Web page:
Urinary bladder matrix scaffolds improve endometrial regeneration in a rat model of intrauterine adhesions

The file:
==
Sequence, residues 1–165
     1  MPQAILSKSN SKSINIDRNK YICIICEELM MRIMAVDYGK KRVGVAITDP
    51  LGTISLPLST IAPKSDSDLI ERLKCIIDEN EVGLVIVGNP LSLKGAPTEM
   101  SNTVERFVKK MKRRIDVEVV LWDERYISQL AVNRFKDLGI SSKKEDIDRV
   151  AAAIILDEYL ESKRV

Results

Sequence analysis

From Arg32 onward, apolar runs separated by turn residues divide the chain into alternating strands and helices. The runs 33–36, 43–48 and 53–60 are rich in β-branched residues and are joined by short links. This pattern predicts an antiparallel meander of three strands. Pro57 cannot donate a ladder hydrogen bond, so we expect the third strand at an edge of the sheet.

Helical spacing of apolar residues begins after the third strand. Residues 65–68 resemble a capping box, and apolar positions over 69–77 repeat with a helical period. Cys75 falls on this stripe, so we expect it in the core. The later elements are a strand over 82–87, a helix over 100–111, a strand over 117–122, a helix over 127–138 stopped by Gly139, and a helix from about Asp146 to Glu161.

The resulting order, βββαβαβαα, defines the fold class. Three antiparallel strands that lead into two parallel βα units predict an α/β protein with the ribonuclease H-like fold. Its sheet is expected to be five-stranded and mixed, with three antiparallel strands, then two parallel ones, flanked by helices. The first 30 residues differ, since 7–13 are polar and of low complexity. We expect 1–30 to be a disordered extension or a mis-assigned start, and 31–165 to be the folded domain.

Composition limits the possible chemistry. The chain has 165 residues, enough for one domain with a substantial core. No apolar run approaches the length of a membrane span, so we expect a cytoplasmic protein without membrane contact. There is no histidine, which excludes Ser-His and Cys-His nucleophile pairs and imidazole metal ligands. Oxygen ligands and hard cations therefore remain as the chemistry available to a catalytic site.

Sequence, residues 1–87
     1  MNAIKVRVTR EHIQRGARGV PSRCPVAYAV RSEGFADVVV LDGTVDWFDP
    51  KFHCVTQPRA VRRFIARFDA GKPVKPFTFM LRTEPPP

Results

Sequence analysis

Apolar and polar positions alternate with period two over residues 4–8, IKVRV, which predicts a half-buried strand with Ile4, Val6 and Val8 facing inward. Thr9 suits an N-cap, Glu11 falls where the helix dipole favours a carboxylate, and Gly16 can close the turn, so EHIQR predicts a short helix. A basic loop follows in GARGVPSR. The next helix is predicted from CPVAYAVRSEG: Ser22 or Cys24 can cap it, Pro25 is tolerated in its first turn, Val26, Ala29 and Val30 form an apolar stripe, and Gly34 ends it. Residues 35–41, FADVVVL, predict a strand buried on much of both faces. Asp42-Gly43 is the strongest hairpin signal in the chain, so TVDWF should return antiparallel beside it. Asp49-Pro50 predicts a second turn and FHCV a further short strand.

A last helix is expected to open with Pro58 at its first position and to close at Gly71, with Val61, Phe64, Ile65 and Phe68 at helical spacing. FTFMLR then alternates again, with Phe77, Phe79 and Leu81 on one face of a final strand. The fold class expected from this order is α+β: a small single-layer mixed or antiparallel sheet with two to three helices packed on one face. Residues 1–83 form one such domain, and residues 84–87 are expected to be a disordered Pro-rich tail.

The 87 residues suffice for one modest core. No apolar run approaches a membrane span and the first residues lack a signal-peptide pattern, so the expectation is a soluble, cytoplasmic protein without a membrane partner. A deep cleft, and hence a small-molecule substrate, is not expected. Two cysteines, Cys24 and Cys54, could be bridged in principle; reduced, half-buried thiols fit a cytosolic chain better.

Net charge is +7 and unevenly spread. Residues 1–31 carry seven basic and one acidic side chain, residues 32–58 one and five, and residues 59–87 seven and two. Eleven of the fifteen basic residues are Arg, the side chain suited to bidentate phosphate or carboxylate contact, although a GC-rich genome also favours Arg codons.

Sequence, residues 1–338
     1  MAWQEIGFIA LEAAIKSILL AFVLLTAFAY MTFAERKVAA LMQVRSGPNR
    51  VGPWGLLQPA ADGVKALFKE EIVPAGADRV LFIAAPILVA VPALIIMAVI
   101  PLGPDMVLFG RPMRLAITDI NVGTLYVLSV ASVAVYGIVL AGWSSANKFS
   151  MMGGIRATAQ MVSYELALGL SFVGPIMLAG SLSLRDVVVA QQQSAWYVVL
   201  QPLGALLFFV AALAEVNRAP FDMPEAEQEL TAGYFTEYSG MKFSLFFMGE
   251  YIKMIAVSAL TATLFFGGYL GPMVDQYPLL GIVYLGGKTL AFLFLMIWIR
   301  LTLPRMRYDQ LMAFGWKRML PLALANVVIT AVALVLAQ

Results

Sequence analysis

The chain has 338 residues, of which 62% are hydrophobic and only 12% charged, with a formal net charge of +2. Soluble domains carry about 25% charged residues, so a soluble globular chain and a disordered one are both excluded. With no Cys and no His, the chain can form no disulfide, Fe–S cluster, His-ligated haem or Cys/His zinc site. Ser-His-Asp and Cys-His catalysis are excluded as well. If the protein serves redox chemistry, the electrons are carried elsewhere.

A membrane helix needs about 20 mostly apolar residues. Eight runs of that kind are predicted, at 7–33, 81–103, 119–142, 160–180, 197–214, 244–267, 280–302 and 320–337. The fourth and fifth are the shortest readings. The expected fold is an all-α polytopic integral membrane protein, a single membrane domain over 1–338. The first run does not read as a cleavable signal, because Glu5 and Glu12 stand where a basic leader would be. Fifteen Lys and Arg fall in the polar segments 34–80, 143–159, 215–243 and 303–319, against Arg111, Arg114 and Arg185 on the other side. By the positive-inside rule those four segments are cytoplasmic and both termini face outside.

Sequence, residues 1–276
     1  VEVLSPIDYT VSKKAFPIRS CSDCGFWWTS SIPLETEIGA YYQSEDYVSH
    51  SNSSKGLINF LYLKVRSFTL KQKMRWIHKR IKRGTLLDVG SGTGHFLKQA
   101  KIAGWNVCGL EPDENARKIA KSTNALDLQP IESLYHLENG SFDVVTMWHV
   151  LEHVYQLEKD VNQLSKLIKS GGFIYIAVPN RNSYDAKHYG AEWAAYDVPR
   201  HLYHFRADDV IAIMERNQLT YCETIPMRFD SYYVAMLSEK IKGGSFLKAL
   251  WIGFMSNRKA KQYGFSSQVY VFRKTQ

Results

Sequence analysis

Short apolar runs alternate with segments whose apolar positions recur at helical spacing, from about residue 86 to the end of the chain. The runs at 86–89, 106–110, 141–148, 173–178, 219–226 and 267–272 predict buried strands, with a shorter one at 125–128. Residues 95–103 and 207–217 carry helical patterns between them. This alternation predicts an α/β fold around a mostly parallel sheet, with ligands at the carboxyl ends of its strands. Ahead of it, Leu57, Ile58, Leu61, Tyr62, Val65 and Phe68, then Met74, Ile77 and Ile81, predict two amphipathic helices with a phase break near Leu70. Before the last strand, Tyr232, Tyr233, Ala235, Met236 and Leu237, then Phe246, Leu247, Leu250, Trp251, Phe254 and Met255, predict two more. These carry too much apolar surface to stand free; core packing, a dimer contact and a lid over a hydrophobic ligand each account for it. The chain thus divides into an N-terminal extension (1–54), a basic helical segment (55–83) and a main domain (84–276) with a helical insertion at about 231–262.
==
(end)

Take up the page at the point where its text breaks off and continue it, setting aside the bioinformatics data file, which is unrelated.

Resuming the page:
Intrauterine adhesions caused by damage to the basal layer of the endometrium have a serious impact on women's fertility. Currently, there is no effective treatment to promote the regeneration of the endometrium. Urinary bladder matrix (UBM) is a derivative extracellular matrix biomaterial that has a complete basement membrane and provides a basis for the body to achieve complete self-functional repair. In this study, UBM was transplanted into the uterine horns of intrauterine adhesions in Sprague-Dawley rats to test whether UBM could improve endometrial regeneration in rats with intrauterine adhesions. Thicker endometria, increased numbers of glands, fewer fibrotic areas and increased proliferation of cells and blood vessels were found in the UBM group compared to the injury group. Transplantation of UBM reduced the mRNA levels of proinflammatory cytokines (tumor necrosis factor α) and increased those of anti-inflammatory cytokines (basic fibroblast growth factor) compared to the injury group. In the UBM group, the mRNA expression of endometrial receptivity factors (leukemia inhibitory factor and integrin αVβ3) was higher than that in the injury group, but it was lower than that in the normal group and the sham-operated group. More embryos were seen in the UBM group than in the injury group, although the UBM group had fewer embryos than the normal and sham-operated groups. Therefore, UBM may contribute to endometrial regeneration and may improve endometrial receptivity and fertility.